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http://dx.doi.org/10.1016/j.tim.2020.11.009DOI Listing
April 2021

Single-Molecule Analysis Demonstrates Stress-Enhanced Binding between Surface Protein IsdB and Host Cell Integrins.

Nano Lett 2020 12 25;20(12):8919-8925. Epub 2020 Nov 25.

Louvain Institute of Biomolecular Science and Technology, UCLouvain, Croix du Sud, 4-5, bte L7.07.07, B-1348 Louvain-la-Neuve, Belgium.

Binding of surface proteins to endothelial cell integrins plays essential roles in host cell adhesion and invasion, eventually leading to life-threatening diseases. The staphylococcal protein IsdB binds to β3-containing integrins through a mechanism that has never been thoroughly investigated. Here, we identify and characterize at the nanoscale a previously undescribed stress-dependent adhesion between IsdB and integrin αβ. The strength of single IsdB-αβ interactions is moderate (∼100 pN) under low stress, but it increases dramatically under high stress (∼1000-2000 pN) to exceed the forces traditionally reported for the binding between integrins and Arg-Gly-Asp (RGD) sequences. We suggest a mechanism where high mechanical stress induces conformational changes in the integrin from a low-affinity, weak binding state to a high-affinity, strong binding state. This single-molecule study highlights that direct adhesin-integrin interactions represent potential targets to fight staphylococcal infections.
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http://dx.doi.org/10.1021/acs.nanolett.0c04015DOI Listing
December 2020

Atomic Force Microscopy-Based Force Spectroscopy and Multiparametric Imaging of Biomolecular and Cellular Systems.

Chem Rev 2020 Nov 9. Epub 2020 Nov 9.

Louvain Institute of Biomolecular Science and Technology, Université Catholique de Louvain (UCLouvain), Croix du Sud, 4-5, bte L7.07.07, B-1348 Louvain-la-Neuve, Belgium.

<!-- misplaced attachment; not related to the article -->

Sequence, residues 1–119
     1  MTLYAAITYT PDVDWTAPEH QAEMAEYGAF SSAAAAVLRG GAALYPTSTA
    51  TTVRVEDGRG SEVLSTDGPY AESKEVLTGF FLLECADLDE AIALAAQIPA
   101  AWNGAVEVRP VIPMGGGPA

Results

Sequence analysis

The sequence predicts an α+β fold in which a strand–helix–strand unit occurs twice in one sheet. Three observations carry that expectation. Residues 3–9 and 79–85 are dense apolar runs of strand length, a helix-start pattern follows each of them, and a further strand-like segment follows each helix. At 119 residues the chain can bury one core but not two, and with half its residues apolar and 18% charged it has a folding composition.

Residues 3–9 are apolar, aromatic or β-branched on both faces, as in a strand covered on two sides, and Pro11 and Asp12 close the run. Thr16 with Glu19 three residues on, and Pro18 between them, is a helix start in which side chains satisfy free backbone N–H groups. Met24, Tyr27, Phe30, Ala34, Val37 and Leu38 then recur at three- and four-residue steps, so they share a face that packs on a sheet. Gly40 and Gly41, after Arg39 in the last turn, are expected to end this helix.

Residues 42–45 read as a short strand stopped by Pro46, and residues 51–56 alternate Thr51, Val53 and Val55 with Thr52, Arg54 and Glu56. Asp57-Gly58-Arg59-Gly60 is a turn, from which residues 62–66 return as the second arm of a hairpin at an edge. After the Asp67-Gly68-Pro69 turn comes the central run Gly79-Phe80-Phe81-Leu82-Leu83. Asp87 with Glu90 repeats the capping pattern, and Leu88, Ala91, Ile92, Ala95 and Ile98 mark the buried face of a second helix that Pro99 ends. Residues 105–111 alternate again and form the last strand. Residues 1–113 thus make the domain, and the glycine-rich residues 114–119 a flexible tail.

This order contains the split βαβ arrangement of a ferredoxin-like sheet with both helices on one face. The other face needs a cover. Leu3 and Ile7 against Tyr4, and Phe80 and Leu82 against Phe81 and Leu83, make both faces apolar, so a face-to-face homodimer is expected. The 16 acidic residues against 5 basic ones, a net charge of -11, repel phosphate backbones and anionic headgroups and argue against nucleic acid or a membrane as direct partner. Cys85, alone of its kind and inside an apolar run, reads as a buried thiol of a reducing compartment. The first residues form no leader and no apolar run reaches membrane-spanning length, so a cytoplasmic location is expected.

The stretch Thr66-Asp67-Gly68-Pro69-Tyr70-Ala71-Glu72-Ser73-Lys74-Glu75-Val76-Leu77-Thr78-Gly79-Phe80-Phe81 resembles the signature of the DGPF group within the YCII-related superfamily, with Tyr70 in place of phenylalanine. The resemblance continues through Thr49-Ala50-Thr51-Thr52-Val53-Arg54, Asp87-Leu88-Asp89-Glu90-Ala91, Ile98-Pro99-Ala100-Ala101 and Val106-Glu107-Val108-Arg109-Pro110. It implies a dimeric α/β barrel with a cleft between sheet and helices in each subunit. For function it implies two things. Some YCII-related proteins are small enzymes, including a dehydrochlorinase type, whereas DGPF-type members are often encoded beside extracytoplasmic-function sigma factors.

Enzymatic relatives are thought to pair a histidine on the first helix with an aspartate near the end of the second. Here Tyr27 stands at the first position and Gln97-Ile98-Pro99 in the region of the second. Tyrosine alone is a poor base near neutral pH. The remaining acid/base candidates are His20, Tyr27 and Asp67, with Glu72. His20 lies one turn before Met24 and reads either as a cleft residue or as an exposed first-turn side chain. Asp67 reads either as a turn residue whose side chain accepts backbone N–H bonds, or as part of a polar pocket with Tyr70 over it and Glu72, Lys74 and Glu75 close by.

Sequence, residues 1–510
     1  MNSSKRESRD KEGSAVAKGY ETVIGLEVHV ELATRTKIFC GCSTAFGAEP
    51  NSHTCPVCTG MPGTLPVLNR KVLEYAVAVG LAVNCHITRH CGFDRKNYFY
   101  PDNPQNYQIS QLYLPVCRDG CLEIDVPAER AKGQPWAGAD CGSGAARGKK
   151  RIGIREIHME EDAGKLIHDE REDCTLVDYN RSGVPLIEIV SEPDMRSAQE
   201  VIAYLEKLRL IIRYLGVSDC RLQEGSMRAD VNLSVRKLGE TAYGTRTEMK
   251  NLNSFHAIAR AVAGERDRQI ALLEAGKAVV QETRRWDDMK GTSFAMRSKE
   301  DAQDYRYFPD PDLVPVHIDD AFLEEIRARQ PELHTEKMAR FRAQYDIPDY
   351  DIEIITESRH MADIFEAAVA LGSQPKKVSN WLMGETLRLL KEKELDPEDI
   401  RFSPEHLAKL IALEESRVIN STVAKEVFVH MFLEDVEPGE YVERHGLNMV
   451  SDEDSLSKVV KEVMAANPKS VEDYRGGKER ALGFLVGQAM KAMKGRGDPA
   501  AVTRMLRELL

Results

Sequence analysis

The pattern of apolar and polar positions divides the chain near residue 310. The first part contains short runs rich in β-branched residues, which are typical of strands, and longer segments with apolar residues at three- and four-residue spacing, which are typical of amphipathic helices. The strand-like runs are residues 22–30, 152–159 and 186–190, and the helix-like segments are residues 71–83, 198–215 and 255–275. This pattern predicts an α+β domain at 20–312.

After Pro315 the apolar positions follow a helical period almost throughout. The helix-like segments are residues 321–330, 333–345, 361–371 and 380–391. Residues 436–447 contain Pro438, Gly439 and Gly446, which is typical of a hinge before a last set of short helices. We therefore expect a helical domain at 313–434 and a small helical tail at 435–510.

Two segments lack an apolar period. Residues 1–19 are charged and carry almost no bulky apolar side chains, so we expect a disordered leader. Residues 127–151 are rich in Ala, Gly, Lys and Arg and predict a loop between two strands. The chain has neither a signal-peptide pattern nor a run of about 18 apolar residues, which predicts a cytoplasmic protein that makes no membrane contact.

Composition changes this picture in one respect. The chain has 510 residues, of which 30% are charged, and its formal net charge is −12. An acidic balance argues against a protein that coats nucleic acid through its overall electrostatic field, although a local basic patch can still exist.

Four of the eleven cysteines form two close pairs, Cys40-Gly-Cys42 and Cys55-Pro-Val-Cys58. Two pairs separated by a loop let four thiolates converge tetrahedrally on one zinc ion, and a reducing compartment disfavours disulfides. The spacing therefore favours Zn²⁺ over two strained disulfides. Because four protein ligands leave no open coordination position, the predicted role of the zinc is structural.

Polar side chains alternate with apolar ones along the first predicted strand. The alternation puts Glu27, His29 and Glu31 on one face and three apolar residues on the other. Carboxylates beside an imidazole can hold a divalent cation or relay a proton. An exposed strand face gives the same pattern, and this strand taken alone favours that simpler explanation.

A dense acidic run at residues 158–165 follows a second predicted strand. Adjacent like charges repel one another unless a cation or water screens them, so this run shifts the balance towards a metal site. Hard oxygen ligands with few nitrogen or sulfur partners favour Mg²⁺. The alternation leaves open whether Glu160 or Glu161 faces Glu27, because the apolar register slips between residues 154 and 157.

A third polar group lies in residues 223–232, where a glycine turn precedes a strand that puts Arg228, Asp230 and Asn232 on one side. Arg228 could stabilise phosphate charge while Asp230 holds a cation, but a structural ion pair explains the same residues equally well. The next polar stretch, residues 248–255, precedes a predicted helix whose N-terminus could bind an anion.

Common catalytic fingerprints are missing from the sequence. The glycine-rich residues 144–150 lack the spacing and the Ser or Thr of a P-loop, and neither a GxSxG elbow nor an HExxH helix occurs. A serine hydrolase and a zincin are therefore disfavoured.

During the last three decades, a series of key technological improvements turned atomic force microscopy (AFM) into a nanoscopic laboratory to directly observe and chemically characterize molecular and cell biological systems under physiological conditions. Here, we review key technological improvements that have established AFM as an analytical tool to observe and quantify native biological systems from the micro- to the nanoscale. Native biological systems include living tissues, cells, and cellular components such as single or complexed proteins, nucleic acids, lipids, or sugars. We showcase the procedures to customize nanoscopic chemical laboratories by functionalizing AFM tips and outline the advantages and limitations in applying different AFM modes to chemically image, sense, and manipulate biosystems at (sub)nanometer spatial and millisecond temporal resolution. We further discuss theoretical approaches to extract the kinetic and thermodynamic parameters of specific biomolecular interactions detected by AFM for single bonds and extend the discussion to multiple bonds. Finally, we highlight the potential of combining AFM with optical microscopy and spectroscopy to address the full complexity of biological systems and to tackle fundamental challenges in life sciences.
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http://dx.doi.org/10.1021/acs.chemrev.0c00617DOI Listing
November 2020

Force-clamp spectroscopy identifies a catch bond mechanism in a Gram-positive pathogen.

Nat Commun 2020 10 27;11(1):5431. Epub 2020 Oct 27.

Louvain Institute of Biomolecular Science and Technology, UCLouvain, Croix du Sud, 4-5, bte L7.07.07, B-1348, Louvain-la-Neuve, Belgium.

Physical forces have profound effects on cellular behavior, physiology, and disease. Perhaps the most intruiguing and fascinating example is the formation of catch-bonds that strengthen cellular adhesion under shear stresses. Today mannose-binding by the Escherichia coli FimH adhesin remains one of the rare microbial catch-bond thoroughly characterized at the molecular level. Here we provide a quantitative demonstration of a catch-bond in living Gram-positive pathogens using force-clamp spectroscopy. We show that the dock, lock, and latch interaction between staphylococcal surface protein SpsD and fibrinogen is strong, and exhibits an unusual catch-slip transition. The bond lifetime first grows with force, but ultimately decreases to behave as a slip bond beyond a critical force (~1 nN) that is orders of magnitude higher than for previously investigated complexes. This catch-bond, never reported for a staphylococcal adhesin, provides the pathogen with a mechanism to tightly control its adhesive function during colonization and infection.